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Warwick Valley student artist of the week: Owen Machingo

on November 1, 2019

‘You’re giving them something to hear and think about. Maybe you’re helping them to be happy when they hear something. Or, maybe you’re helping yourself to be happy.’     

 

Owen Machingo playing drumsThat beat…beat…beat… which gives rhythm to music is courtesy of the talents of percussionists, and as sixth-grader Owen Machingo will say, it’s important that rhythm is spot-on.

Percussion instruments — which make sounds simply by being hit — do more than just keep the music’s rhythm. They also make specialized sounds and even add excitement and color to a piece of music.  Unlike most musicians, a percussionist will usually play many different instruments in one piece of music.

As a member of the middle school’s band, Owen is experienced with the percussion instruments used by the band, though the snare drums are his favorite.

 “He really enjoys performing and discussing music,” said Ashley Head, his band teacher. “He comes prepared to each class with a positive attitude. He is organized and makes connections from the music to other areas. Owen has a positive energy with music and is always looking to learn more. He helps others and is kind. He participates in class discussions and brings ideas to class.”

These are among the reasons why Owen is this week’s Warwick Valley student artist of the week.

Owen has been playing percussion prior to fourth-grade, a time when student and instrument matches are made.  

“I have a full drum set at home and have been playing for a long time,” he said. “I’m good at this and I know what I’m doing. I can keep a good beat and I can keep a steady beat. The snare drum, it’s probably what I’m best at.”

Keeping the right beat

Owen, who has attended New York State School Music Association (NYSSMA) solo festivals, looks forward to a challenge in music and doing his part to keep the piece of music played by the band at the right beat.

“The conductor is the person most people look at to keep the beat,” said Owen. “If not, you listen to the percussionist. We have to look at the conductor all the time.  Most of the time, the lower pitched instruments will keep the song steady. The percussionists keep the beat. And you don’t want to the song to speed up in the middle. It won’t sound right.”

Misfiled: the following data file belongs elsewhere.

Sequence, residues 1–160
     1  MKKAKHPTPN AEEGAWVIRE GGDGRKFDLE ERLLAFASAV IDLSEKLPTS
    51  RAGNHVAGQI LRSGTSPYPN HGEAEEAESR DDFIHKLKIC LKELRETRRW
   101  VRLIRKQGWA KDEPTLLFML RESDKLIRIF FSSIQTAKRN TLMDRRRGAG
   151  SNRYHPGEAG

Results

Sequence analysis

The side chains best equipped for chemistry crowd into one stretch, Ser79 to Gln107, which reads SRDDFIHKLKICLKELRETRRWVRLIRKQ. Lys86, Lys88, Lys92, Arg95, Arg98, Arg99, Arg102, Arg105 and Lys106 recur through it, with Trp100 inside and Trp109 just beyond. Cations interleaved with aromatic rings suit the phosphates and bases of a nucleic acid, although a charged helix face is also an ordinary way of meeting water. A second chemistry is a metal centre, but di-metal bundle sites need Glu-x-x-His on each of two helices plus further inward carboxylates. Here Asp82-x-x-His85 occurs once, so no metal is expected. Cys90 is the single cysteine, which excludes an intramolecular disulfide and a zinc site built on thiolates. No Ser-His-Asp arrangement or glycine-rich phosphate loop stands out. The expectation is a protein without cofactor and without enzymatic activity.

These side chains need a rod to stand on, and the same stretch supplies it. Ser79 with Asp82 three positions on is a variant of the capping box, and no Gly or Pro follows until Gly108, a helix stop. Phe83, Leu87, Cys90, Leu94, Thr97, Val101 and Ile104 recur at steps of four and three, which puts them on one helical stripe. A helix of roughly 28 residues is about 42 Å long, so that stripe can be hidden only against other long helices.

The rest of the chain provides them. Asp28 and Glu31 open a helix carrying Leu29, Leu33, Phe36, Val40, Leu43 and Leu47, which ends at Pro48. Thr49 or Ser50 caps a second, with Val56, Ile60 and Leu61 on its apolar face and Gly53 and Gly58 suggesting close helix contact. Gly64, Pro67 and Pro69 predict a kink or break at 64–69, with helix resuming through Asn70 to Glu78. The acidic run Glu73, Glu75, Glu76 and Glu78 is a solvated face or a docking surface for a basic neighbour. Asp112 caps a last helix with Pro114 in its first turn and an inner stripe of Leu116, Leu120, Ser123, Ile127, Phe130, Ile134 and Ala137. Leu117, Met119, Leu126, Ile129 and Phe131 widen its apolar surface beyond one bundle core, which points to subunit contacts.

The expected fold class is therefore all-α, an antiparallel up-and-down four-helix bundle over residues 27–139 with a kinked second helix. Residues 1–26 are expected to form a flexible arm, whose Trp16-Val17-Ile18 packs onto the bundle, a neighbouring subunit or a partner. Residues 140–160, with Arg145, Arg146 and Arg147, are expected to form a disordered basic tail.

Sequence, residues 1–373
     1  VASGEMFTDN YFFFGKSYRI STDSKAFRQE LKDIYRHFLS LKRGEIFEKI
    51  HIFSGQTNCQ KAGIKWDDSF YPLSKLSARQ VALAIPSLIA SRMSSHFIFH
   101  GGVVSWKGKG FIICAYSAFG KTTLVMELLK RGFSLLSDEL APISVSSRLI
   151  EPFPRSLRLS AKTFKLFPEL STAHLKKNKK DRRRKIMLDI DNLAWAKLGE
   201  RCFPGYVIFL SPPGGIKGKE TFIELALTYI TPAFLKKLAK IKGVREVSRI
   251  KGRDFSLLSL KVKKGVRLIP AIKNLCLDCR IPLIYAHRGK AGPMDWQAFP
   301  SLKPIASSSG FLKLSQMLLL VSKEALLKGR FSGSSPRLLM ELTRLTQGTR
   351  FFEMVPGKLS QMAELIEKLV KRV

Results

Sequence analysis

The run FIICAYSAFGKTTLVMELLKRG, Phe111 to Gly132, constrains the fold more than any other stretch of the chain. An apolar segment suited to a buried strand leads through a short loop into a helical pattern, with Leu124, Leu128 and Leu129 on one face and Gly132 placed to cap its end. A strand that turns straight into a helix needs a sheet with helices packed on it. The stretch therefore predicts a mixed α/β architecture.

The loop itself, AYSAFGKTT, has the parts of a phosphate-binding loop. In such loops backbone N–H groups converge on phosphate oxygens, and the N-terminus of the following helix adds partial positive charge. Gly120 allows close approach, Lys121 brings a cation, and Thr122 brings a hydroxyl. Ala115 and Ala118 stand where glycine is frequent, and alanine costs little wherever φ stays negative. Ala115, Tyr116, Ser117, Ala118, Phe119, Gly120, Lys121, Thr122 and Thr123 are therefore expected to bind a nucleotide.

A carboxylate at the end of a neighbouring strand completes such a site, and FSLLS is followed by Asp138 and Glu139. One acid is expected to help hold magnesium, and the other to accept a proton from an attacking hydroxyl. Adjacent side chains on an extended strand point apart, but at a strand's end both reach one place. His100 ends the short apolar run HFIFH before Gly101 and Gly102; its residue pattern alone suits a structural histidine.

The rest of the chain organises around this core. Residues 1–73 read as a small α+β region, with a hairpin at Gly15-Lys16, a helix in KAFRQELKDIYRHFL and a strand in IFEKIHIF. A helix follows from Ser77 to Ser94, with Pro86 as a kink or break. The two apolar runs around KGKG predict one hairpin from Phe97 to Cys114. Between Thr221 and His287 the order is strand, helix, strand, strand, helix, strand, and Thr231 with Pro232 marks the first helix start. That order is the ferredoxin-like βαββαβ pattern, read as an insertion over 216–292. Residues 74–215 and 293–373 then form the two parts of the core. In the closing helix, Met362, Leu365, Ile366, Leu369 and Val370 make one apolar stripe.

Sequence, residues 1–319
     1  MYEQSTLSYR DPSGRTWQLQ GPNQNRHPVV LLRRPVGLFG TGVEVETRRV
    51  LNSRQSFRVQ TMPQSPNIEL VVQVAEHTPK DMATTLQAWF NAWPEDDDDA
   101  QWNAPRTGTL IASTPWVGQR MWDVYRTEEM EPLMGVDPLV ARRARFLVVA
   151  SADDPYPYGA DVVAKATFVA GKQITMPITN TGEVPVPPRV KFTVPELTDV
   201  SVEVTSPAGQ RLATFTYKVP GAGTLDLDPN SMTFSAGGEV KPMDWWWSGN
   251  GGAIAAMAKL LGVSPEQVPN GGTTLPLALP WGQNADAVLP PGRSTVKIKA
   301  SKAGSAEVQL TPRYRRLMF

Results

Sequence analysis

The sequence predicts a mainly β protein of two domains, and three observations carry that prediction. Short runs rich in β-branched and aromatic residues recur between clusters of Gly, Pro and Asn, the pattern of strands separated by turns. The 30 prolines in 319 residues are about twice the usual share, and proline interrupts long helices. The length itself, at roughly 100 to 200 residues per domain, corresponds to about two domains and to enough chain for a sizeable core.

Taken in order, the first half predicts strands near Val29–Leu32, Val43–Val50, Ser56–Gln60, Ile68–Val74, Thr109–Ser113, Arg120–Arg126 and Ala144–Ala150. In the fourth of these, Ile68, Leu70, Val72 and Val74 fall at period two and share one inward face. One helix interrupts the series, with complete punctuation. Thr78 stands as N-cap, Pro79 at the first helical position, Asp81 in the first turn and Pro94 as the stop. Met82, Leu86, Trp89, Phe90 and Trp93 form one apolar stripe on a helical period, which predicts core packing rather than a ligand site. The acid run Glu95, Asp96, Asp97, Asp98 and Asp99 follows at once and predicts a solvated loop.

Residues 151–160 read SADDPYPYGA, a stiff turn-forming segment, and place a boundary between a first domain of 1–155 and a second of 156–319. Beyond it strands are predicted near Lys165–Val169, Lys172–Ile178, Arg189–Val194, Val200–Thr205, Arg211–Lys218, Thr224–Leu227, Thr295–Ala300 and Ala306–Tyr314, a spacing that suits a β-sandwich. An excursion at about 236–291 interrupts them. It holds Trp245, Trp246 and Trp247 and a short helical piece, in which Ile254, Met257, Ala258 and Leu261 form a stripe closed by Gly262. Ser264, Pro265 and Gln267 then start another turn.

Playing percussion has also reminded Owen of how music helps in other areas of life.

Owen  Machingo with a snare drum“You have to know math,” he said. “You have to know how to count to the 16th. If you don’t know how to count, you can’t be a percussionist. So, yes, this might help you with counting.”

Owen, who is a fan of Imagine Dragons and is learning how to play some of the group’s music on the drums, felt there were other benefits to being a musician.

There’s more to music than just sounds

“It does help you to visualize things because you can’t miss a note,” he said. “If you miss a note, this could mess up another person. It also helps you with your coordination because you have to do different things while you’re counting.”

Music even offers opportunities to become more poised and confident, he felt, which will be helpful with other special or everyday things a person does.  

“When you get onto the stage, normally you’re nervous,” he said “But then you calm down. You’re not scared.”    

Because of the added benefits, Owen does encourage others to get involved with music.

“You should try it,” he said. “It might help you in a way. It might ‘talk’ to you, or maybe not. You might like it, or maybe not. But you tried. Plus, you’re doing something for someone else. You’re giving them something to hear and think about. Maybe you’re helping them to be happy when they hear something. Or, maybe you’re helping yourself to be happy.”     

 

 

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